African elephants address each other with name-like calls – similar to humans

What’s in a name? People use unique names to address each other, but we are one of the few species known to do so, including bottlenose dolphins. Finding more animals with names and studying how they use them could improve scientists’ understanding of both other animals and ourselves.

As elephant researchers who have spent years observing free-ranging elephants, my colleagues and I wanted to get to know elephants as individuals, creating names for them that help us remember who is who. The elephants in question live completely in the wild and are of course not aware of the names we use for them.

But in a new study published in Nature Ecology and Evolution, we found evidence that elephants have their own names that they use to address each other. This research places elephants among the very small number of species known to address each other in this way, and it has implications for scientists’ understanding of animal intelligence and the evolutionary origins of language.

Finding evidence for name-like calls

My colleagues and I had long suspected that elephants might address each other with name-like calls, but no researcher had tested that idea. To investigate this question, we followed elephants across the Kenyan savannah, recording their calls and, where possible, noting who made the call and to whom the call was addressed.

When most people think of elephant sounds, they think of loud trumpets. But in reality, most elephant sounds are deep, booming sounds known as rumblings that are partially beyond the range of human hearing. We thought that if elephants have names, they most likely pronounce them with rumbles, so we focused on these calls in our analysis.

Elephant rumblings have a deep, sonorous sound. Michael Pardo236 KB (to download)

We reasoned that if rumblings contain something like a name, we should be able to identify who a call is intended for purely based on the properties of the call. To determine if this was the case, we trained a machine learning model to identify the recipient of each call.

We gave the model a series of numbers that described the sound properties of each call and told which elephant each call was directed to. Based on this information, the model attempted to learn patterns in the calls related to the recipient’s identity. We then asked the model to predict the recipient for a separate sample of calls. We used a total of 437 calls from 99 individual callers to train the model.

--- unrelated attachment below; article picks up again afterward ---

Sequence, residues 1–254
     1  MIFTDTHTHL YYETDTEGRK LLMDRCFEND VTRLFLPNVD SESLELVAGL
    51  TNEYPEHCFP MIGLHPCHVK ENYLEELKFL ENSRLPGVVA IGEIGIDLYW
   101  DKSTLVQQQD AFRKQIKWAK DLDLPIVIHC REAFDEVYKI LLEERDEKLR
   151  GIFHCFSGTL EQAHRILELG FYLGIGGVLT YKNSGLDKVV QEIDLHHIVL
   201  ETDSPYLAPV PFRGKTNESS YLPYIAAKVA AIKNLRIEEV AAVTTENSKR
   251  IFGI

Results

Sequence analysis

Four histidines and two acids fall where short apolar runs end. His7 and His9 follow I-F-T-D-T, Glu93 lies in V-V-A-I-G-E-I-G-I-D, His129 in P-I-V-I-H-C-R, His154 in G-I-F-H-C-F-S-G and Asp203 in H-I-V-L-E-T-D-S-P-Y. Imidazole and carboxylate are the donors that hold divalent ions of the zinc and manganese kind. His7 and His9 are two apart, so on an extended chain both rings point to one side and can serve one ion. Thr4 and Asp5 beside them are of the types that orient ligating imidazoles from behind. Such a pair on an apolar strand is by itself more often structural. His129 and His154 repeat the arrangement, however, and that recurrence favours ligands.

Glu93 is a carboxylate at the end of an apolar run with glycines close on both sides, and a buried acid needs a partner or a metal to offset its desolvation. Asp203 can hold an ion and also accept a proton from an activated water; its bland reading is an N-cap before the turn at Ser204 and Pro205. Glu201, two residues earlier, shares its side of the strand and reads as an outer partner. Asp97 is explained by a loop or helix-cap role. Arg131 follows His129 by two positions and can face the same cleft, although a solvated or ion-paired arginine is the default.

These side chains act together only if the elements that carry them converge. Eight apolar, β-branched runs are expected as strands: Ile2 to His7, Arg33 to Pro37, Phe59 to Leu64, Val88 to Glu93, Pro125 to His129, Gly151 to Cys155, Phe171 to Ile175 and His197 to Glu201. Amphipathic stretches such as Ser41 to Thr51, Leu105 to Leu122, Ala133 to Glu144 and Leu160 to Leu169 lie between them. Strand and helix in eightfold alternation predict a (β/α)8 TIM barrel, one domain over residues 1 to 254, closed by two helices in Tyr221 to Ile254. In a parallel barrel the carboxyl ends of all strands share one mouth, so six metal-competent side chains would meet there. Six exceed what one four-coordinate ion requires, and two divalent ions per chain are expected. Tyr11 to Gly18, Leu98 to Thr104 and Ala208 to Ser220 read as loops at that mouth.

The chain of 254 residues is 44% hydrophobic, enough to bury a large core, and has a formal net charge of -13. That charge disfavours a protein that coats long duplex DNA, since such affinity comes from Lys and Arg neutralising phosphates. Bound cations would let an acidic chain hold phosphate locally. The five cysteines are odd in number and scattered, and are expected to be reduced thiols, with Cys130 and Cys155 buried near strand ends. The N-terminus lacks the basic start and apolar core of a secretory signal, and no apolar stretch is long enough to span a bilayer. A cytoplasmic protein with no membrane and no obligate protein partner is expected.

Part of the reason we had to use machine learning for this analysis is because rumbling conveys multiple messages at once, including the caller’s identity, age and gender, emotional state, and behavioral context. Names are probably only a small part of these calls. A computer algorithm is often better than the human ear at detecting such complex and subtle patterns.

We did not expect elephants to use a name with every call, but we had no way of knowing in advance which call might contain a name. That’s why we included all the rumors that we thought could use names at least some of the time in this analysis.

The model successfully identified the recipient for 27.5% of these calls – significantly better than what it would have achieved through random guessing. This result indicated that some of the rumblings contained information that allowed the model to identify the intended recipient of the call.

But this result alone was not enough evidence to conclude that the rumblings contained names. For example, the model might have picked up the caller’s unique voice patterns and guessed who the recipient was based on who the caller liked most.

In our next analysis, we found that calls from the same caller to the same recipient were, on average, significantly more similar than calls from the same caller to different recipients. This meant that the calls were truly specific to individual recipients, such as a name.